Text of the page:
French Mastiff Facts
- AKC, UKC
- 22.5" - 26.5"
- 90-100+ lbs.
- 10 years | Add yours
- Exercise Requirement
- Training Requirement
- Grooming Requirement
- Breed Characteristics
Dogue de Bordeaux
This breed was developing in southern France around the city Bordeaux.
Date Of Origin
This breed has existed for hundreds of years, however there weren't set breed standards until 1863.
For centuries, the Bordeaux region of France was ruled by English kings. The large guard dogs of that region were most certainly crossed with mastiff, together with similar dogs from Spain, resulting in this powerful, and at one time ferocious breed. Another theory on how this breed was developed is that it developed from Roman mastiffs. The Dogue de Bordeaux is one of France's oldest dogs and was originally considered three distinct breeds: the Bordeaux, Paris, and Toulouse. It was used by butchers and vintners to protect property, as well as for blood sport entertainment, fighting large animals such as bear, jaguars, and wild boar. The breed came close to extinction after WW1. The breed was reinvigorated in the 1960's and 1970's and it continues to be used as a guard dog and companion today.The breed was first imported to the U.S. in the 1981's.
In the 1989 the typical American family saw the Dogue de Bordeaux for the first time on the big screen in Touchstone?s movie "Turner and Hooch" about a police man and his canine partner, although many people did not know that the massive slobbering animal was a Dogue de Bordeaux.
Since then the Dogue de Bordeaux has taken hold in the United States and can be found in numbers across the country. The Dogue de Bordeaux has been supported by multiple breed clubs throughout the years, and has finally found security in being assisted by the Dogue de Bordeaux Society of America. Since 1997 the DDBSA has taken the breed?s welfare in its arms, nurtured it and allowed it to flourish and take its deserved place beside the many noble breeds of the AKC.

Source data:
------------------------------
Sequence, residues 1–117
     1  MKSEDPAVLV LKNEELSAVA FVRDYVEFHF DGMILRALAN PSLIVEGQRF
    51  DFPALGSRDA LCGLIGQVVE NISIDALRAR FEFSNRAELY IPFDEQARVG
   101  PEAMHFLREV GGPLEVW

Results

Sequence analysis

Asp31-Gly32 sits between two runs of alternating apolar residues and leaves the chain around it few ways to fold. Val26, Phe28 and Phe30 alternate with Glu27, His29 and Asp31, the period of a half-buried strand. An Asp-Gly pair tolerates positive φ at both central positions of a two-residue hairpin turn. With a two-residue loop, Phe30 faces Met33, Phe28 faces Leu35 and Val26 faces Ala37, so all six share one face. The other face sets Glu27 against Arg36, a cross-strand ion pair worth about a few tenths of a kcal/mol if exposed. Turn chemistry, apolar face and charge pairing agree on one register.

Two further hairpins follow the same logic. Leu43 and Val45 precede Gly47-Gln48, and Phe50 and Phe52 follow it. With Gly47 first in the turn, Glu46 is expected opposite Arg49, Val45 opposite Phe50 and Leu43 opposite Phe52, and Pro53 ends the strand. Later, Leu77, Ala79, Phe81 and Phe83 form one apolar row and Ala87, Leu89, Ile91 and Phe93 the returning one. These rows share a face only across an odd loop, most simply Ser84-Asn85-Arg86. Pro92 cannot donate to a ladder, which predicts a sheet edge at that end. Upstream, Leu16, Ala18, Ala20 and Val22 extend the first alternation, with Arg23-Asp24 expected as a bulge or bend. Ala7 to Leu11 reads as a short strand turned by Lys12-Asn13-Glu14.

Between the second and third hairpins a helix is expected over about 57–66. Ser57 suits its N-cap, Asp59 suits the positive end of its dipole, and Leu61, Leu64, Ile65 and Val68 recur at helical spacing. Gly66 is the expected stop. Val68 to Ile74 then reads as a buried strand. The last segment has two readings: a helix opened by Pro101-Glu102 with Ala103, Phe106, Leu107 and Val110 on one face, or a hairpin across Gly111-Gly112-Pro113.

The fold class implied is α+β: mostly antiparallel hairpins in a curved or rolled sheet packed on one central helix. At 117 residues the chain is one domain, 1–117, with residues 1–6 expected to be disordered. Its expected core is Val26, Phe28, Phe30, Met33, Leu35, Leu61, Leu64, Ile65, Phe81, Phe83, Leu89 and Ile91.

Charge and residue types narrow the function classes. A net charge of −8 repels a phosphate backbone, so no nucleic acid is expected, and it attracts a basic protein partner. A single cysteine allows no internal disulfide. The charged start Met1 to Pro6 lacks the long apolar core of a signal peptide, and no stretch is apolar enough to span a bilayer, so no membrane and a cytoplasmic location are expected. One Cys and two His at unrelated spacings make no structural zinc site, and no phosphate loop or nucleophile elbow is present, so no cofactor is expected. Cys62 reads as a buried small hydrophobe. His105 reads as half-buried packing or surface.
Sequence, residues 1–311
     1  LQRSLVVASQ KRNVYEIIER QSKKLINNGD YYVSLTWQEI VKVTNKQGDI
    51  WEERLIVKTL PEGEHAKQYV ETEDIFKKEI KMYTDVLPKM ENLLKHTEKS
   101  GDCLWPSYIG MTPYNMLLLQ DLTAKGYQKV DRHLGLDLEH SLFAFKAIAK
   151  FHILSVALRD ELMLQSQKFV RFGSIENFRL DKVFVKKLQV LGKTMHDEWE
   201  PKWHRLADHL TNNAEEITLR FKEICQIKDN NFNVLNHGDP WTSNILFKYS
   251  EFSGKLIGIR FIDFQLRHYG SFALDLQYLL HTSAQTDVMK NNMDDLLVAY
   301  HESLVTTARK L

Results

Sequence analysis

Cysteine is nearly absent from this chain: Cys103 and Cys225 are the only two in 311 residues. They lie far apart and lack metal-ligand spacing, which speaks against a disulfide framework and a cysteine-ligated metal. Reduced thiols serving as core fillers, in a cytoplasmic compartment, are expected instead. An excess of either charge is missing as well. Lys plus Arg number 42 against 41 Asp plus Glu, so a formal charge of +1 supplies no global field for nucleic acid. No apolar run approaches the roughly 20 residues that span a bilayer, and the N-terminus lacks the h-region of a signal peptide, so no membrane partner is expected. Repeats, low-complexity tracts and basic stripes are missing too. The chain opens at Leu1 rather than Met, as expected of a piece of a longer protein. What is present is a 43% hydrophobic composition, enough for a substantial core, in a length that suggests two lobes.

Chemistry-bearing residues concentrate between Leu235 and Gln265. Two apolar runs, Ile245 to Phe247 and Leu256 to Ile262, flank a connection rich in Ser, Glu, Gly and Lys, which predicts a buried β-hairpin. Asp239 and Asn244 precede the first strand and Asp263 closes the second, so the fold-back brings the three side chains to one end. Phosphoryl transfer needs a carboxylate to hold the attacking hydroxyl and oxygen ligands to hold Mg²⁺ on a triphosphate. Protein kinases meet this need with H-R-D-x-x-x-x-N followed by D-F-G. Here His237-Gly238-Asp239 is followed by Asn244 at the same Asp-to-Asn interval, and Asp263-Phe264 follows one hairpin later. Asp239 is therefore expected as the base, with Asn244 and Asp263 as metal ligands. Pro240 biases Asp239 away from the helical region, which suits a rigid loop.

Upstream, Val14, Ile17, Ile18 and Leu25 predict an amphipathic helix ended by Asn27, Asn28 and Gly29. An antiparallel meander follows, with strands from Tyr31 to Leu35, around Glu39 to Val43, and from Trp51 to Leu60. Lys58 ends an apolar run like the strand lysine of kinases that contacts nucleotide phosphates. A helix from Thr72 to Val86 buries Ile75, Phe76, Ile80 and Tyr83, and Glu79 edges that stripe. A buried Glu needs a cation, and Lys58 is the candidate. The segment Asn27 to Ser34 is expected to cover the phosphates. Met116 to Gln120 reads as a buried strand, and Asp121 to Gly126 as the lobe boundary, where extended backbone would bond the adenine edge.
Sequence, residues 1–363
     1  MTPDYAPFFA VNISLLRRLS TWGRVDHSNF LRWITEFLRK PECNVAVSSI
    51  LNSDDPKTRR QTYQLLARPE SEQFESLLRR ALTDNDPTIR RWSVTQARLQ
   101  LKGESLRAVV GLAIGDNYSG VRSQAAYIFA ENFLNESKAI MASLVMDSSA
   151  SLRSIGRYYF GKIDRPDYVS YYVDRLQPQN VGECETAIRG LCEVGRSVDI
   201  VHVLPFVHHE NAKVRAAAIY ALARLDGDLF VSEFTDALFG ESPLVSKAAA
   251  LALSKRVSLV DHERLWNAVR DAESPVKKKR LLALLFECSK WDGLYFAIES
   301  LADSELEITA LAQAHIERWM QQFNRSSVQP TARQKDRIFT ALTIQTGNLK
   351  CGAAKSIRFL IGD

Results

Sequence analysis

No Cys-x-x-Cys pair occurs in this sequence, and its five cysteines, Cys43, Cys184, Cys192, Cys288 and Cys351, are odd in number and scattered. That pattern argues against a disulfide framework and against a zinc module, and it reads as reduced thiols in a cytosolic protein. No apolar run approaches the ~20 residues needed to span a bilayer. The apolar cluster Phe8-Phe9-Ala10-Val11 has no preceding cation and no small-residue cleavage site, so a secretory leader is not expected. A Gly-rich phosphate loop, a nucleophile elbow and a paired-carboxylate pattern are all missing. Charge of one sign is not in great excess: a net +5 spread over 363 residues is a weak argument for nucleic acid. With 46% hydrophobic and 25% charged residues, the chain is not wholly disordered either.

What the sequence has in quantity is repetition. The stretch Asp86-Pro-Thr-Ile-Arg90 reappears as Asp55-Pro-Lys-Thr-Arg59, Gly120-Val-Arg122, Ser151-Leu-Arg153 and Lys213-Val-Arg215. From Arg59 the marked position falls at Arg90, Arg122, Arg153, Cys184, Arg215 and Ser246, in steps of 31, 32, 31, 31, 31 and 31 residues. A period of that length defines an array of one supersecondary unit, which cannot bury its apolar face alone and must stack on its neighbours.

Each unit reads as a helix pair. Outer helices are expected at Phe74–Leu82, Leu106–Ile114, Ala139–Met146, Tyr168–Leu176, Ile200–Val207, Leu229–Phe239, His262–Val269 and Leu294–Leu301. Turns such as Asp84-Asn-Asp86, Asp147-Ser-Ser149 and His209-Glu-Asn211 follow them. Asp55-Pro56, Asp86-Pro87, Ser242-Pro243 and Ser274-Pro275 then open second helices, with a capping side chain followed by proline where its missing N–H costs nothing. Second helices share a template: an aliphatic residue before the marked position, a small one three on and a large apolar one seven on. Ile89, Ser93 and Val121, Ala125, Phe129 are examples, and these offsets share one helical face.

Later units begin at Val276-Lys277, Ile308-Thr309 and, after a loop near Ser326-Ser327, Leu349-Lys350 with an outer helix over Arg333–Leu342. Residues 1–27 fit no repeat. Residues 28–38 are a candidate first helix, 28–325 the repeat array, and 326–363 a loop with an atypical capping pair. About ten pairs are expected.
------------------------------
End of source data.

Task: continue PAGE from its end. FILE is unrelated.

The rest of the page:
This is a massively built dog, longer than it is tall, heave boned, and broad. The head is large and broad with a short muzzle and undershot jaw. It has large brown eyes and small drop ears. The forehead is heavily wrinkled and there is a long, tapering tail. The short smooth coat is fawn, with a black or self colored mask.
The French mastiff is affectionate and friendly with family but wary with strangers and often dog aggressive. It is good with children if well socialized.
In the past, it has been employed in wild boar and bear hunts and in circus combat with bulls. Because of its power and courage, it has been trained by the police in the pursuit of criminals. In this role, however, it has shown itself to be excessively ferocious. Today it makes a wonderful family dog and companion.
Bloat, breathing problems, hip dysplasia, mange, thyroid problems.
Be sure to socialize this breed form a young age and continue socialization throughout its lifetime. This will insure a well balanced, healthy dog.
Show Sources & Contributors +
The Howell Book Of Dogs
Publisher: Wiley Publishing Inc, 2007
Author: Liz Palika
Publisher: BowTie Press, 2005
Authors: Kristin Meuh-Roe, Jarelle S. Stein
Simon & Schusters Guide to Dogs
Publisher: Simon & Schuster inc, 1980
Author: Elizabeth Meriwether Schuler
The New Encyclopedia of the Dog
Publisher: Dorling Kindersley Publishing, 2000
Author: Bruce Fogle
Publisher: WikiMedia Foundation, On Going